4 Mistakes to Avoid When Buying a Ski Condo: Stress Less & Ski More!

Mistakes to Avoid When Buying a Ski Condo

Buying a ski condo simplifies winter vacation planning. It offers skiers convenient access to the slopes without the worry of finding available lodging. Unlike rentals, owning ski-in, ski-out real estate also allows for personalization and storage as owners can keep ski gear and other belongings in their units. They can also generate income by renting out or reselling these vacation properties. However, there are many important things to consider when buying a condo and a hasty decision could lead to unforeseen costs or hassles. By avoiding these common condo-buying mistakes, you can make sure you get the most out of your condo purchase.

Overlooking the Logistics of Ski Condo Ownership

Take the time to plan how often a vacation home will be used, and decide how to use it during the rest of the year. Some owners leave them vacant or invite non-paying guests, such as friends and relatives. If the home allows short term rentals, don't forget to thoroughly research the income potential and related expenses and keep in mind that renting may result in higher insurance premiums. Those renting out properties may also need to spend money on advertising or cleaning services. Remember to think about the condo's resale value as well. It will sell more easily if it has features that appeal to most buyers, such as scenic views and easy access to ski lifts.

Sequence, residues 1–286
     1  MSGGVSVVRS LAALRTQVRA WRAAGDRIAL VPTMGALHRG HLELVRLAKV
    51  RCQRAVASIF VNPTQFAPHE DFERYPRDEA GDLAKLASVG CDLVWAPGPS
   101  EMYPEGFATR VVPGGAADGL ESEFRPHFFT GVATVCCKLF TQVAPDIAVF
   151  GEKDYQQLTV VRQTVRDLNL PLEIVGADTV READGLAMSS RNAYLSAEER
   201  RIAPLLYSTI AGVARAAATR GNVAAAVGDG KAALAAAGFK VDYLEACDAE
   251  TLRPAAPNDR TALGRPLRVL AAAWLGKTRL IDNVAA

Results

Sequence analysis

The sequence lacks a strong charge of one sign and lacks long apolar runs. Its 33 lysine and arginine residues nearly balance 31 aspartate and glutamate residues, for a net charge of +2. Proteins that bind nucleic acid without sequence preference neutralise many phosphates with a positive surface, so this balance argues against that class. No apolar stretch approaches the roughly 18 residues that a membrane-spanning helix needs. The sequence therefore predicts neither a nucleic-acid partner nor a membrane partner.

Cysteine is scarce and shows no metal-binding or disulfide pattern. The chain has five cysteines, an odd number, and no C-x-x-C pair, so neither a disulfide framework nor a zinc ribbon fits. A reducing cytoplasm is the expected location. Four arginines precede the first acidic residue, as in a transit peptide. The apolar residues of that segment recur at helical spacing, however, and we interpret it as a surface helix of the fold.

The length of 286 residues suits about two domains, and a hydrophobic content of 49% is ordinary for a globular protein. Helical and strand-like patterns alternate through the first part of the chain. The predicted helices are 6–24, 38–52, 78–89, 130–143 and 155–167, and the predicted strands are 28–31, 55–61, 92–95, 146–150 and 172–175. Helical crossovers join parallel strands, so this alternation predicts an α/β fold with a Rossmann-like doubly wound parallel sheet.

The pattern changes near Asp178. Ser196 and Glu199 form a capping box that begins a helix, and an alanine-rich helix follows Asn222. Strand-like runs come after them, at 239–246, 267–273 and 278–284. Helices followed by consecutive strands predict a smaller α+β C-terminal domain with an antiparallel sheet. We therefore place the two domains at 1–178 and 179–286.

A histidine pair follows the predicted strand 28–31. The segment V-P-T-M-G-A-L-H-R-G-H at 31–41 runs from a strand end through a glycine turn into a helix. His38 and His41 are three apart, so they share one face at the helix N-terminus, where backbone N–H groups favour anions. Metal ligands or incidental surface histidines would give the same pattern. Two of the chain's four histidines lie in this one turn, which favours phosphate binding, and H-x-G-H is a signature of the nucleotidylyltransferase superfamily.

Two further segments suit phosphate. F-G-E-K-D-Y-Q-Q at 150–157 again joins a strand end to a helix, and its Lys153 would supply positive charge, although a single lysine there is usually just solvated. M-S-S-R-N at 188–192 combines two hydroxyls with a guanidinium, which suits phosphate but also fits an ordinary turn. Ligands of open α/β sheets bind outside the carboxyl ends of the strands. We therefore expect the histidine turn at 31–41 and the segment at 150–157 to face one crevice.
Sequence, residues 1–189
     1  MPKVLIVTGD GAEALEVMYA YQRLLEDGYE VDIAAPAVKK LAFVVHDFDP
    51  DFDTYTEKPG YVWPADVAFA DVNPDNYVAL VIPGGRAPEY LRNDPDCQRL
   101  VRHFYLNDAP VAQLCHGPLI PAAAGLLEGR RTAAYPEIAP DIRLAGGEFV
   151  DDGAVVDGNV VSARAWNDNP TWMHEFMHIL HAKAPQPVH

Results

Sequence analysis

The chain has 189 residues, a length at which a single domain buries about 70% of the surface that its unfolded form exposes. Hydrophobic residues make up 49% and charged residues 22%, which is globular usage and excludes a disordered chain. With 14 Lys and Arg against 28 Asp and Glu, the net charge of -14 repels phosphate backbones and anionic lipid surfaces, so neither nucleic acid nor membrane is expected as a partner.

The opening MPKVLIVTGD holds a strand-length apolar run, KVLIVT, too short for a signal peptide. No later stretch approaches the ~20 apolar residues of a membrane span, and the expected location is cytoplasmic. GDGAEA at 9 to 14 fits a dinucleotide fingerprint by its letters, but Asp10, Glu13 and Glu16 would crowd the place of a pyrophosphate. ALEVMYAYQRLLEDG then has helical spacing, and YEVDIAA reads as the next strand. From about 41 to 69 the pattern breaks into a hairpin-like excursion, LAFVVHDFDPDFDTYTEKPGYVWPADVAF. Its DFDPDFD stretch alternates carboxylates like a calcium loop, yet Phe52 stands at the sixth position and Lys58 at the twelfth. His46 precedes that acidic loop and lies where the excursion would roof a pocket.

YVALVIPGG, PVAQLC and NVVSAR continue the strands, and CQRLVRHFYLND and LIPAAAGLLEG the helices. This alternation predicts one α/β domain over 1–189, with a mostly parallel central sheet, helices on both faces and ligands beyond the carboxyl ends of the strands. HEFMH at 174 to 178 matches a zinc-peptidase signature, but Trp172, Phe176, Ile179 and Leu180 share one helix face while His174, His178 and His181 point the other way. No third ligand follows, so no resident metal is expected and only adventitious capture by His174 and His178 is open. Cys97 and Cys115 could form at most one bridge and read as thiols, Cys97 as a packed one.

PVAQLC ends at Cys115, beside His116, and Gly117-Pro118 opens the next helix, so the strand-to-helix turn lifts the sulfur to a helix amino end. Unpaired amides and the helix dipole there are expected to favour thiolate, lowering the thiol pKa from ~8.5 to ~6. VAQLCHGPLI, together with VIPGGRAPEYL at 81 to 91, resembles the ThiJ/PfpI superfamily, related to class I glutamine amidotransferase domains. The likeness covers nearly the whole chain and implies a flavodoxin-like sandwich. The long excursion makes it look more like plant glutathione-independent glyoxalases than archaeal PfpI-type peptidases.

Another crucial aspect of planning involves travel. How difficult is it to reach the condo and get around the local area? Carefully estimate the cost and duration of a trip to the resort. Look up the distance to the nearest airport or train station. People who plan to drive should assess the availability of parking. Mass-transit users should research the bus and taxi options as well as be aware of any free transportation options in the area.

Failing to Consider the Surrounding Area

Consider All Amenities When Buying a Ski Condo

While it's important to find a condo you love in an area you want to stay in, there are other factors to consider when buying a condo, such as the nearby amenities. Don't forget to look at the ski town's shops, restaurants, and entertainment venues. These attractions can give vacationers something to do when they don't feel like skiing or the weather doesn't cooperate. They might also make the property more appealing to tenants and future owners. When researching or visiting the neighborhood, look for businesses and facilities such as:

  • Post office
  • Public parks
  • Paths, trails
  • Medical Clinic
  • Specialty shops
  • Movie theater
  • Grocery store
  • Art gallery

Think about summer recreation as well. Does the area have a beach or marina? Options like swimming, hiking, fishing, and boating can make condos more useful while extending the rental season. A property near a lake or golf course has much more year-round appeal. What local businesses stay open during this time of year? Find out if the ski resort or town schedules any summer events, as some resorts have been known to hold events like concerts after winter comes to an end.